The individual’s quality and quantity of work are okay. It’s his attitude that’s the problem. How do I solve an attitude problem?
Ask any group of managers what the most common ‘‘people problem’’ they encounter is and they will uniformly answer, ‘‘Attitude problems.’’
One of the reasons that attitude problems seem so hard to resolve is that almost anything qualifies as an attitude problem. Is the employee a loner, unwilling to participate in team activities? He’s got an attitude problem. Is she egotistical, grabbing all of the credit for others’ work? She’s got an attitude problem. Does he pick his nose and make rude noises? Ah, another attitude problem.
This step-by-step checklist will help you to confront and resolve attitude problems.
Checklist for Resolving Attitude Problems
- Narrow the issue to the specific problem or concern.
- Write down the specific verbal and physical behaviors and actions that concern you.
- Track the frequency.
- Identify the impact.
- Discuss the situation with the individual.
- Determine whether the individual has a logical reason for the behavior.
- Tell the individual to stop engaging in the problem behavior.
- Tell the individual what behavior is required: courteous, cooperative, and helpful.
Tell Me More
Narrow the issue to the specific problem or concern. Begin by identifying the specific type of behavior that you are concerned with. Here is a list of various behaviors that could be labeled as attitude problems.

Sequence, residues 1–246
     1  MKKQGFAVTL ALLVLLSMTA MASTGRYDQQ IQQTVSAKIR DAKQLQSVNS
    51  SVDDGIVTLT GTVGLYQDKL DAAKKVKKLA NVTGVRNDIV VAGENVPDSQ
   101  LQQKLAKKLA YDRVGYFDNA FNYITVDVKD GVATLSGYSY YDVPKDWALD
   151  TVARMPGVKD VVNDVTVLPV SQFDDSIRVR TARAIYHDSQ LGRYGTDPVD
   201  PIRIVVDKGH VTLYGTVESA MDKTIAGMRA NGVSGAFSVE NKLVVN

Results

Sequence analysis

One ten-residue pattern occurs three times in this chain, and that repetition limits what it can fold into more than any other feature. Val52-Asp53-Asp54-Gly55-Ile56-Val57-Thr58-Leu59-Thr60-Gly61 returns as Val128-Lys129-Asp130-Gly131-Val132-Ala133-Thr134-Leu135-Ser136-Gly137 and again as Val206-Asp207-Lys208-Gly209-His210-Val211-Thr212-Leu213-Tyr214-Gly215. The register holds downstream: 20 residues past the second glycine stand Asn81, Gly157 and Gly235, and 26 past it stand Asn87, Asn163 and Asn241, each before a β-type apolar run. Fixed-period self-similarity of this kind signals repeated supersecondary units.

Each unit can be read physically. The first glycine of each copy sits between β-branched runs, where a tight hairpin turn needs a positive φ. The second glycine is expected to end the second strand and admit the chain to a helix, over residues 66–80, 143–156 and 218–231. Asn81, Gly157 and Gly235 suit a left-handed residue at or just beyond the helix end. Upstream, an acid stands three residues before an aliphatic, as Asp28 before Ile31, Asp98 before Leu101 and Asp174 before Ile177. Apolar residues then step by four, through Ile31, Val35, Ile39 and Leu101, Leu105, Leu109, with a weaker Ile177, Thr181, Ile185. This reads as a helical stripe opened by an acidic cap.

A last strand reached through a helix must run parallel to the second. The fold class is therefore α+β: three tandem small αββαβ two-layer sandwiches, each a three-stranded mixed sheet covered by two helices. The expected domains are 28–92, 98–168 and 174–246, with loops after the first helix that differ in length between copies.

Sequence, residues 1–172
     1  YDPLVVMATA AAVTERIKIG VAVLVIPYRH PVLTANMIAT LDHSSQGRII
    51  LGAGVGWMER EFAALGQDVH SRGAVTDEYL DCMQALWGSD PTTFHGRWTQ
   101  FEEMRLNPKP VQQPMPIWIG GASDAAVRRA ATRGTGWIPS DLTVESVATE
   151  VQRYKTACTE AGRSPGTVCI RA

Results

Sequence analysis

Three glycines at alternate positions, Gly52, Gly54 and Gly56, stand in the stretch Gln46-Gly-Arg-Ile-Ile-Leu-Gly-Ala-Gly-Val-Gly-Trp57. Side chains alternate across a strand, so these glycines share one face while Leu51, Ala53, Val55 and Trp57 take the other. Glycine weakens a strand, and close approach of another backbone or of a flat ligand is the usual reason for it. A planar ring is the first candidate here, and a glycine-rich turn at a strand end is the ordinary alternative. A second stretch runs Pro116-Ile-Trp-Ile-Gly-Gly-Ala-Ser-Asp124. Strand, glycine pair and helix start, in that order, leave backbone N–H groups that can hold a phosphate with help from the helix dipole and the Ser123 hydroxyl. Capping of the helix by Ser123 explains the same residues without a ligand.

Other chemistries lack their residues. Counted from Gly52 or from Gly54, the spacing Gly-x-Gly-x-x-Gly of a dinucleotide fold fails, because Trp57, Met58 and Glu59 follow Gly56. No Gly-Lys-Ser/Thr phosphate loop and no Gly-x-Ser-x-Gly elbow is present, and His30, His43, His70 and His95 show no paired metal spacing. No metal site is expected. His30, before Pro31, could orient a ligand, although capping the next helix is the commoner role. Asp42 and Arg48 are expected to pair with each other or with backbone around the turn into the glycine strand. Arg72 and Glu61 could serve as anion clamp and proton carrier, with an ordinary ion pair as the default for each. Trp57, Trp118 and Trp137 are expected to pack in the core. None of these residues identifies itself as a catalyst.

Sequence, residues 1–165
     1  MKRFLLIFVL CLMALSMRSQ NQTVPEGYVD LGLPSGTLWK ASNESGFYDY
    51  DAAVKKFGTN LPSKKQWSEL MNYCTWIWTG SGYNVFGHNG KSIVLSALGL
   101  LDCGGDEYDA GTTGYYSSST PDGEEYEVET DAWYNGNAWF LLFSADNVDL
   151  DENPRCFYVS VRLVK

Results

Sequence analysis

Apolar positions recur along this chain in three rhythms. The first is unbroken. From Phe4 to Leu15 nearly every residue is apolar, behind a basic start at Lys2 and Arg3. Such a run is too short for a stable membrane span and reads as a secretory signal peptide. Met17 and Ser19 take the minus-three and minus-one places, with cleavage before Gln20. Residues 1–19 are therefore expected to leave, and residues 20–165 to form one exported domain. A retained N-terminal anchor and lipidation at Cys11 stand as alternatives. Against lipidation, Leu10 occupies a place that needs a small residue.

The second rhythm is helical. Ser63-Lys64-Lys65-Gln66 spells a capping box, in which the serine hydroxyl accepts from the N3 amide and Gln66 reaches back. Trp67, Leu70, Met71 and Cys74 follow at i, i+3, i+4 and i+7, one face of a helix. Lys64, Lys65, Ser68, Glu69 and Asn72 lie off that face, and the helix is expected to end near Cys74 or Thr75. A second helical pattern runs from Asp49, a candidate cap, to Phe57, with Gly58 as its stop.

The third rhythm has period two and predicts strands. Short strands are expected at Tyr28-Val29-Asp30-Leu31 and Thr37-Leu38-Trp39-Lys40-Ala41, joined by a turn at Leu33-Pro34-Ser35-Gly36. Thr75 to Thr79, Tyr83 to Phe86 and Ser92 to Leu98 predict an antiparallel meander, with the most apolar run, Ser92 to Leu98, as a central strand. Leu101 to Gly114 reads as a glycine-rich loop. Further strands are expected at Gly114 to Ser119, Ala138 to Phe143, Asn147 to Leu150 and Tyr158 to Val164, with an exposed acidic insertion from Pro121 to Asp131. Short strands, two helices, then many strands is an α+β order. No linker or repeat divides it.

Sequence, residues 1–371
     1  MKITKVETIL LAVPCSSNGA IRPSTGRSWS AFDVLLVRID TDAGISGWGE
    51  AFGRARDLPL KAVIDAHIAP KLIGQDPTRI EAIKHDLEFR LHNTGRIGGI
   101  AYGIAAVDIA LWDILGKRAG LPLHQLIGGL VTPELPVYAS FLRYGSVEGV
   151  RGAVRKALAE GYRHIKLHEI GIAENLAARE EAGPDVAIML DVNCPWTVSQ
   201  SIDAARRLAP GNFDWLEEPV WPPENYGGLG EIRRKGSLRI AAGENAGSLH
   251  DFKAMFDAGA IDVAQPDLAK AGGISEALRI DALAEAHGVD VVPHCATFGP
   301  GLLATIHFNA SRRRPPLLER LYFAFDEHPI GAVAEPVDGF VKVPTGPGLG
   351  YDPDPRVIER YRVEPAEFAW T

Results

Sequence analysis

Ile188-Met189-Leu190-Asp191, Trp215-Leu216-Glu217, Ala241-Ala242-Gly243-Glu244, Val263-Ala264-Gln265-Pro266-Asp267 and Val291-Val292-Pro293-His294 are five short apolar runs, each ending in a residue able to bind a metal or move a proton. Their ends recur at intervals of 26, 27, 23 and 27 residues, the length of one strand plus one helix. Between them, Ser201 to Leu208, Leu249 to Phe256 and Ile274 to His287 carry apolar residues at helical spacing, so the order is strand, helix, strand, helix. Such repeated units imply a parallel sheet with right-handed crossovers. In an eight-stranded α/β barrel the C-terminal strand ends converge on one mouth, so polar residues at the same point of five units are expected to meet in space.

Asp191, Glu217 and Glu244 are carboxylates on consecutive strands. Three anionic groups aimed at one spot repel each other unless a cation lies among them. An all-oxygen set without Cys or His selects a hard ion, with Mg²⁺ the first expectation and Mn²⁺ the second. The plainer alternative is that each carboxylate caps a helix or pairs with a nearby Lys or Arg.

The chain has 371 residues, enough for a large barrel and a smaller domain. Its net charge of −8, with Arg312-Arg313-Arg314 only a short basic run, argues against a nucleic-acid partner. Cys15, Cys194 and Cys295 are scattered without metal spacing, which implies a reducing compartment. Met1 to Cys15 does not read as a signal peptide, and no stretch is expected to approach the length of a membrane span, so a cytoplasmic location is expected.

Identify the one that comes the closest to the actual behavior of the individual whose performance you’re concerned with:
Annoying /offensive behavior Insensitive to others
Egotistical /credit-grabbing Rude/surly /inconsiderate
Inattentive to work Socializing
Write down the specific verbal and physical behaviors and actions that concern you. The requirement that you write down the items that concern you will force you to focus on specifics. And don’t forget to record the nonverbal behaviors (i.e., rolling of the eyes, clenching fists, staring off into space). Pretend you’re a movie camera or a tape recorder actually recording exactly what it is that’s unfolding in front of you.
Track the frequency. Make a record of how often the various behaviors that concern you arise.
Identify the impact. Make a list of the good business reasons that this behavior must stop.
Discuss the situation with the individual. Explain that the behavior is causing a problem.
Determine whether the individual has a logical reason for the behavior. It is possible that the person may be unaware of what he’s doing or doesn’t realize that it’s distracting to others. It may also turn out that the ‘‘attitude problem’’ you’ve identified is a symptom of a more serious problem that needs a referral to the employee assistance program.
Tell the individual to stop engaging in the problem behavior. Too often, supervisors fail to take this key step. You must directly tell the person to stop doing whatever it is that he is doing.
Tell the individual what behavior is required: courteous, cooperative, and helpful. Unfortunately, many managers feel that they have to live with what the person is and thereby accept a lot of inappropriate behaviors. This is not true. Supervisors put up with way too much crap. Every organization has the right to demand that everyone who is on the payroll act in a courteous, cooperative, and helpful manner. If the employee says, ‘‘Well, that’s not in my job description,’’ grab his job description and write it in. If he says, ‘‘Well, that’s just the way I am,’’ tell him that he will need to find a job with another employer that is willing to accept him just the way he is, because you are not.